“I’m sorry, but fish should not be eating corn,” Joe said out of the blue. “That’s just wrong.”
“I agree, Joe. Cows shouldn’t be eating it either.”
“Meat scares me too,” he continued. “I think I want to be a vegetarian.”
“You can do that if you want, but you don’t need to be a vegetarian. We can make better choices. It will cost more money and we’ll have to eat less meat, but you don’t have to totally give up eating your dad’s famous homemade chicken nuggets. We just need to tweak the ingredients a bit.”
“Well, I don’t like thinking that our food is all chemicals. It’s creepy,” he said.
“It is creepy. It’s not just the pesticides on the fresh food we need to think about, though. It’s the additives, flavors, and food dyes too. We need to pay better attention to what is going into our food because what is going into our food is going into our bodies and these are the only bodies we get.”
Then, out of nowhere, the world’s pickiest eater piped up.
“I want to eat healthier,” Luke chimed in.
“You’ll have to start trying more fruits and vegetables. And we’ll have to change the brands of foods you’ve been eating to healthier alternatives,” I reminded him.
“I’ll try,” he said. “It seems like a good idea.”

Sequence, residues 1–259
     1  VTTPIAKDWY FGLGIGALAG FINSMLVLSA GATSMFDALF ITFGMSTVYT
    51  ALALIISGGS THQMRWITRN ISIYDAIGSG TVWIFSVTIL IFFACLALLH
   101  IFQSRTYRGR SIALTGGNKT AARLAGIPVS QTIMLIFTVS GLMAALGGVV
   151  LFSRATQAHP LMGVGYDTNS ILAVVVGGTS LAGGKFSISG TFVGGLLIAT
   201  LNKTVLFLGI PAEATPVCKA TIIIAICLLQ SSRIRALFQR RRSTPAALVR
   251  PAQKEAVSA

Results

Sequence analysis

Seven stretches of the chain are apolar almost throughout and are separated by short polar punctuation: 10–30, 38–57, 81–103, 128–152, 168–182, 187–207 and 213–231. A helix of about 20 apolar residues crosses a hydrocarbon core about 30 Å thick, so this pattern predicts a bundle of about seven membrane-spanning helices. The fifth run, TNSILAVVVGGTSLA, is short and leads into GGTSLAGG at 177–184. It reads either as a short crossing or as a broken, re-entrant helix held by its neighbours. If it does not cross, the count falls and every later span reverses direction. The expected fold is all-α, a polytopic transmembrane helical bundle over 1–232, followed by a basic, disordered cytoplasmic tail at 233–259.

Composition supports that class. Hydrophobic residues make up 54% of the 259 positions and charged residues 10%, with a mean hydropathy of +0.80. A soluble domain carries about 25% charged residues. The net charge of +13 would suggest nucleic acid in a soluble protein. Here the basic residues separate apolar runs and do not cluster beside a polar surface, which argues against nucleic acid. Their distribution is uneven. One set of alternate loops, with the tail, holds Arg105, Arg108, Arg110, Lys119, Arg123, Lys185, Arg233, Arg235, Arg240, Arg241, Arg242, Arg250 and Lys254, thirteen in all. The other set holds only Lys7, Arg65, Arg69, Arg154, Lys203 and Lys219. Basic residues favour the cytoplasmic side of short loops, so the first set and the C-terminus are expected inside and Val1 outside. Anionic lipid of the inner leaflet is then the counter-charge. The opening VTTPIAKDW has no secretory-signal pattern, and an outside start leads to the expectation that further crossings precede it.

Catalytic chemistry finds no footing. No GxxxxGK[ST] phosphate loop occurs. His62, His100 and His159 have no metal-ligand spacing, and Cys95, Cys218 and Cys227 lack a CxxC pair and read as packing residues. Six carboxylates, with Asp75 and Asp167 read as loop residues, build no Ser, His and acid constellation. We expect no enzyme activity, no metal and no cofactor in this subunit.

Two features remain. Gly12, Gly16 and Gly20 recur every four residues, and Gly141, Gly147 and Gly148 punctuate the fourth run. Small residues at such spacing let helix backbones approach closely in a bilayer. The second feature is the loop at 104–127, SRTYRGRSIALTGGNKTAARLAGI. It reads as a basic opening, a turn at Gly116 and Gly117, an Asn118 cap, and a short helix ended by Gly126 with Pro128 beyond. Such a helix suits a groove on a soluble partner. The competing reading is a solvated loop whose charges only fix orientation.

Indeed it is. I am happy to see that as we travel down this slow road to healthier food they’ve finally closed the car doors and are prepared for the journey. Luke doesn’t realize it yet, but he’s already been eating healthier. That new homemade apple-cinnamon bread I’ve been making and he’s been devouring is made without sugar, oil, or wheat flour. Everything in it is organic, real food with actual nutritional value. I just neglected to tell him that. I figure what he doesn’t know will definitely help him.
The more you read about our food supply, the scarier it gets. But changing our food system seems an insurmountable task. I mean, which one of us is prepared to take on Monsanto, Coca-Cola, Kraft, or Tyson? Now I’m never going to be one of those folks who is 100% healthy about my food choices because, well, sometimes I just need to eat some dang Skittles. (What doesn’t kill you makes you stronger, right?) But I understand that the only way to change the food industry is through one consumer at a time. I cannot expect the food industry to produce healthier, cleaner, less toxic meat, produce, dairy, and boxed foods unless I tell them with my choices that better food matters to me, at least most of the time. I want my kids to eat better, so I have to eat better to set the right example. For changes to occur, it has to start with the little guy. If a bunch of us little guys start making bigger demands, things might change. Lest they forget, the food industry works for us. As Gandhi suggested, we need to be the change we wish to see in the world. No matter what we hope to change, our food, our health, our career, our attitude, we have to start somewhere or we’ll get nowhere.